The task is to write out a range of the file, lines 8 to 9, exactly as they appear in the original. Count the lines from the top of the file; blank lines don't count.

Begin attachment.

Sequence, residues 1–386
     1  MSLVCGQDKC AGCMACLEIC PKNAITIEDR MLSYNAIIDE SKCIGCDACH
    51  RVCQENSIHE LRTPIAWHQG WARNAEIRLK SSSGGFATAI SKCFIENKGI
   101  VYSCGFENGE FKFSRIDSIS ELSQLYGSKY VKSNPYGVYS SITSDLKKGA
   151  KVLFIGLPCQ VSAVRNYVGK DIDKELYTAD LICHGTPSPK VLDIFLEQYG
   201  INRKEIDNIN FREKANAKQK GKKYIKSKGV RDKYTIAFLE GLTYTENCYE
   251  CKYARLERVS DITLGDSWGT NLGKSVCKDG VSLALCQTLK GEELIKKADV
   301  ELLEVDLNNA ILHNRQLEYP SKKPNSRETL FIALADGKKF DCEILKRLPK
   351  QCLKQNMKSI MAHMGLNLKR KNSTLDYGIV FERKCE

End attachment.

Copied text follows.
   301  ELLEVDLNNA ILHNRQLEYP SKKPNSRETL FIALADGKKF DCEILKRLPK
   351  QCLKQNMKSI MAHMGLNLKR KNSTLDYGIV FERKCE